Your messages will get there. I'm not sure why you think PostMessage isn't guaranteed to work -- it is. (EDIT: Assuming PostMessage() returns TRUE! Check your return codes!)
You want to avoid using a queue to communicate data between the threads. Any queue that is accessed by both threads will need to be protected. Adding hard locks on both sides will serialize your application.
Instead, create a data structure on the heap using
new that contains your data, then tell the other thread "I;ve got data for you, and here it is." The recieving thread then takes ownership of that data pointer, and is responsible for
deleteing it. Doing it this way, there are no hard locks.
Now the only trick is figuring out the "tell the other thread" part, but that's easy too.
If you're sending data from the worker thread to the main thread, just use
// Create the data object you're going to pass to the MT
MyData* data = new MyData;
data->some_value_ = "foo";
// Pass it:
PostMessage(main_wnd, WM_YOU_HAVE_DATA, reinterpret_cast<WPARAM>(data), 0);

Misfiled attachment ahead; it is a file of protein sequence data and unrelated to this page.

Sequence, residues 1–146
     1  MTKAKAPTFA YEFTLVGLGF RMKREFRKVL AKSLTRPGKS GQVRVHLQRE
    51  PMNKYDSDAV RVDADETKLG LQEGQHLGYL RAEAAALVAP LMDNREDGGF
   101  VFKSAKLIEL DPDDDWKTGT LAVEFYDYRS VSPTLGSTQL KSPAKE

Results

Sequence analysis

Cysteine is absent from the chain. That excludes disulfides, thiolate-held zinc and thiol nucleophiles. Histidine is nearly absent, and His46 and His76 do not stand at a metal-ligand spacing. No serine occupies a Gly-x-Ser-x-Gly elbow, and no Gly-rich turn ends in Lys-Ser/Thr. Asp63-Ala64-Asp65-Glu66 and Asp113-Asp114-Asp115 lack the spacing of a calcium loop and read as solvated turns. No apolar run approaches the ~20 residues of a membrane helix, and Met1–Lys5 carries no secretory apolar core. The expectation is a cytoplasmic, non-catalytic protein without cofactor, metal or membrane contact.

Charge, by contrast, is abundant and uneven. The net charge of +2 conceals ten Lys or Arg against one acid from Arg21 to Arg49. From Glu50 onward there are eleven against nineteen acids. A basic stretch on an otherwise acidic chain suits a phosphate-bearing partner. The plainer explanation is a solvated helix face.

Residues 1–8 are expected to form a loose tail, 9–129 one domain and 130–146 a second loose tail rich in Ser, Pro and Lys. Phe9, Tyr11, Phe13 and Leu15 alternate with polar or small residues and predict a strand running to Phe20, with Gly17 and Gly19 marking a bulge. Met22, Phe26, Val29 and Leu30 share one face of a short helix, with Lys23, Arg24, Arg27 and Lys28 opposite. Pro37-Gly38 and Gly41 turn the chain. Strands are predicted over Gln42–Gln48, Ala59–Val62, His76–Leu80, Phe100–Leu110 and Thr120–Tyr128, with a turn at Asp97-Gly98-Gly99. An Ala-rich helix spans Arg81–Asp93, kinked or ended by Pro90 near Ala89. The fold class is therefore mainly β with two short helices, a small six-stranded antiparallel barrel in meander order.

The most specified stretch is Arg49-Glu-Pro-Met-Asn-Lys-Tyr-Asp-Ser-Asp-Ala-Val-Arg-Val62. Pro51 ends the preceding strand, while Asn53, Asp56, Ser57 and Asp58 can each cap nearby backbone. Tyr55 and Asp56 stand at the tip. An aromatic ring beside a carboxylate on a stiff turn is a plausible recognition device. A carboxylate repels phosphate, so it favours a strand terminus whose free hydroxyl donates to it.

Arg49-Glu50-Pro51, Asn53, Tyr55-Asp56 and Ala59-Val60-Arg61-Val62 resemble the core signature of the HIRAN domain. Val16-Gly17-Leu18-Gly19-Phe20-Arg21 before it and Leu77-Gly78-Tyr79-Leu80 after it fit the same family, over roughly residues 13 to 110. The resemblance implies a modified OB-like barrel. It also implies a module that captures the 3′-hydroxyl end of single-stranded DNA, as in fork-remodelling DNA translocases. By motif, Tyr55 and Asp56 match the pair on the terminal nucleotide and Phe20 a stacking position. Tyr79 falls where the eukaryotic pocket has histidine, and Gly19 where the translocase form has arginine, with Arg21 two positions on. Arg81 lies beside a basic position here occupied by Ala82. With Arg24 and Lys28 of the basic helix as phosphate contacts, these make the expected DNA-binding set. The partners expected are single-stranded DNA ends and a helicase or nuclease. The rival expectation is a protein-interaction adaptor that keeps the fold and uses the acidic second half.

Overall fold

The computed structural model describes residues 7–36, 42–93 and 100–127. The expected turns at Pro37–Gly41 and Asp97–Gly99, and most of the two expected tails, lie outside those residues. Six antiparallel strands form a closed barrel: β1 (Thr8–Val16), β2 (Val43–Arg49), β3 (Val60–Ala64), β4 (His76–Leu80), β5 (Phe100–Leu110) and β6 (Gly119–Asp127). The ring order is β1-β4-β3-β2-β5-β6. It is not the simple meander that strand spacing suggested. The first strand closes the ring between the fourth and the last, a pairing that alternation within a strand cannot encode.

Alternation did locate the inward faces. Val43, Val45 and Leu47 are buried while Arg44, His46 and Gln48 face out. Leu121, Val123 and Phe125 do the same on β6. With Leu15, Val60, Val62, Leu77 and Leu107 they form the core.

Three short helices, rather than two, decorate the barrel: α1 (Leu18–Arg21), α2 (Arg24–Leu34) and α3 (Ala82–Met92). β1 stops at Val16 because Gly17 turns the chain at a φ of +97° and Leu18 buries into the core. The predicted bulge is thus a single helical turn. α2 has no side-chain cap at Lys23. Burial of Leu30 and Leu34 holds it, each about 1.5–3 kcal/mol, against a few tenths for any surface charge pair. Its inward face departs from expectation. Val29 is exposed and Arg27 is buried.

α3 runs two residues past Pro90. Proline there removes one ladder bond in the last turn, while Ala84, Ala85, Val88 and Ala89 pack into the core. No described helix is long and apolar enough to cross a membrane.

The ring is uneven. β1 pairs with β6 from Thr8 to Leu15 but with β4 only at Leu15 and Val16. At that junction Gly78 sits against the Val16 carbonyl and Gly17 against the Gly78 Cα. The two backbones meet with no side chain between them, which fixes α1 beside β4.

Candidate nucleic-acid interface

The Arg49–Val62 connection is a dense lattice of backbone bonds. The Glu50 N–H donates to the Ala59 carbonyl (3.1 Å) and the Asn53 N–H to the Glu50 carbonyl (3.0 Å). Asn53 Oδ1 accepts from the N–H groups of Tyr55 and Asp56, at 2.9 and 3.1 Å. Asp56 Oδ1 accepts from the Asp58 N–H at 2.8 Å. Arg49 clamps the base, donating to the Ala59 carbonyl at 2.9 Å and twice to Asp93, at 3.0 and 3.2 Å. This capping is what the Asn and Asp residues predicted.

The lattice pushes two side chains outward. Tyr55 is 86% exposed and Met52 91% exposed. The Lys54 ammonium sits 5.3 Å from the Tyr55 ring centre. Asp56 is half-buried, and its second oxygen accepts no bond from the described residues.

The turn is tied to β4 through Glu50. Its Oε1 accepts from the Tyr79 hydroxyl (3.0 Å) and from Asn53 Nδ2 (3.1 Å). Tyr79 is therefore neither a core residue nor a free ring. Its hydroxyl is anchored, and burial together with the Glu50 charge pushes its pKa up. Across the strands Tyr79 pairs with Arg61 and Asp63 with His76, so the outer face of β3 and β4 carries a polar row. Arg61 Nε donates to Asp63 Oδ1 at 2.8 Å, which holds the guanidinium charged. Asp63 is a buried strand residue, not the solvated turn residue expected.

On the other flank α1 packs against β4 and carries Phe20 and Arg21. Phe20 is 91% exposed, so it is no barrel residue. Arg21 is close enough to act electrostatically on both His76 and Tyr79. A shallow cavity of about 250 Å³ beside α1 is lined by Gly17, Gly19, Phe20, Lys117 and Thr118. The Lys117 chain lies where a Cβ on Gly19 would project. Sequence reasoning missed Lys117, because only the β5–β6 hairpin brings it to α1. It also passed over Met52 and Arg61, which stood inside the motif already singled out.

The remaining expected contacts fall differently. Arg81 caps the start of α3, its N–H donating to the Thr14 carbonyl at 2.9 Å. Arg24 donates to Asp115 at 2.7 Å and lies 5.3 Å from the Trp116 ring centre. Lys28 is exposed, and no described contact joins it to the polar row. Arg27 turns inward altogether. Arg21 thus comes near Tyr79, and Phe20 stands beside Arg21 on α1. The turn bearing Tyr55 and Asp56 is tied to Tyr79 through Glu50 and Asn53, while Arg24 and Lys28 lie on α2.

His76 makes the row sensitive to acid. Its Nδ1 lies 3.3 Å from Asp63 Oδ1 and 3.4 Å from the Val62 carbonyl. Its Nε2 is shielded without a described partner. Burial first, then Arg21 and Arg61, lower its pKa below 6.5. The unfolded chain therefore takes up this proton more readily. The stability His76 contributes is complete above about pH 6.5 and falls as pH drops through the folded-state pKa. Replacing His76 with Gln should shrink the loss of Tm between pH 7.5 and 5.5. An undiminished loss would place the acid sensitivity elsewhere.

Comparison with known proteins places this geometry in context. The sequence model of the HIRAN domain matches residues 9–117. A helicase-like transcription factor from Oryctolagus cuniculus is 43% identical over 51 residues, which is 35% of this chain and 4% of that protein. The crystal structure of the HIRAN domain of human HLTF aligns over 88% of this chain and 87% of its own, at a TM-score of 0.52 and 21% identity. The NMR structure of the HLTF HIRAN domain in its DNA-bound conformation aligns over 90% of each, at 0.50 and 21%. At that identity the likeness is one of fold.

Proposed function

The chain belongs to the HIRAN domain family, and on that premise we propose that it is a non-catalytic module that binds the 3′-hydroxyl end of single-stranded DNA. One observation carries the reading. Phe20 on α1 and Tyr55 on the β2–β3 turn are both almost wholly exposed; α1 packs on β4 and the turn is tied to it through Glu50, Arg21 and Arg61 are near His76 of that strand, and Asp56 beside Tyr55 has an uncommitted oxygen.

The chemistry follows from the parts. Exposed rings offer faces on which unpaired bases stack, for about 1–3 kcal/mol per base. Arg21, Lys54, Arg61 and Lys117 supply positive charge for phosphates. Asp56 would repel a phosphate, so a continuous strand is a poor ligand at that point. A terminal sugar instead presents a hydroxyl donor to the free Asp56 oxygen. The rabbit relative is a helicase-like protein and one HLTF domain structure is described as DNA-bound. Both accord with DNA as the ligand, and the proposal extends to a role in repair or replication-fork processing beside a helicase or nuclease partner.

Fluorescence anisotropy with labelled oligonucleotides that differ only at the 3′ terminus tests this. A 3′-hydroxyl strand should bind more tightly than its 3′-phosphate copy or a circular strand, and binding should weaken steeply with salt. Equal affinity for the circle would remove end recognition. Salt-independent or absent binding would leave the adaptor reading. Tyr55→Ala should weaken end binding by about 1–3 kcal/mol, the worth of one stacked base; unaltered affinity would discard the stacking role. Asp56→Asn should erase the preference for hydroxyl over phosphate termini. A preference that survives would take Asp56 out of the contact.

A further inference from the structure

...the main thread processes this, then deletes the data:
MainWnd::OnYouHaveData(WPARAM wp, LPARAM)
my_widget->set_text(data->some_value_); // you get the idea
If you're worried about external apps's custom messages bumping in to yours, you can get Windows to give you a unique message ID using RegisterWindowsMessage() -- your only challenge here is picking the right name for your message.
If your sending data from the main thread to the worker thread, you can do the same as above, except instead of using
PostMessage() to send the data over the wall, you can use either QueueUserAPC() (making sure your worker thead is in an alertable wait state -- read the remarks in the linked docs) or PostThreadMessage().
Per your comments in the OP, now I understand why you're concerned about PostMessage() not working.
Yes, there is a hard limit to the Windows message queue size. By default, there can be only 4,000 messages in the queue. (registry settings can adjust this up to a max of 10,000).
If the queue is full, any call to
PostMessage() will fail with an error code. When you check GetLastError() (I don't remember which error code it returns right now) it will be clear that the message queue is full.
Not to sound like a mother hen, but you really need to check your return values from API calls. But beyond that, if you are running in the the message queue ceiling, I'd say your application is broken anyway. When the queue is full, your application won't be able to breathe. The screen won't paint, any processing you do will be stale, and all kinds of bad things happen. If this is the situation you're in, you may need to look at why.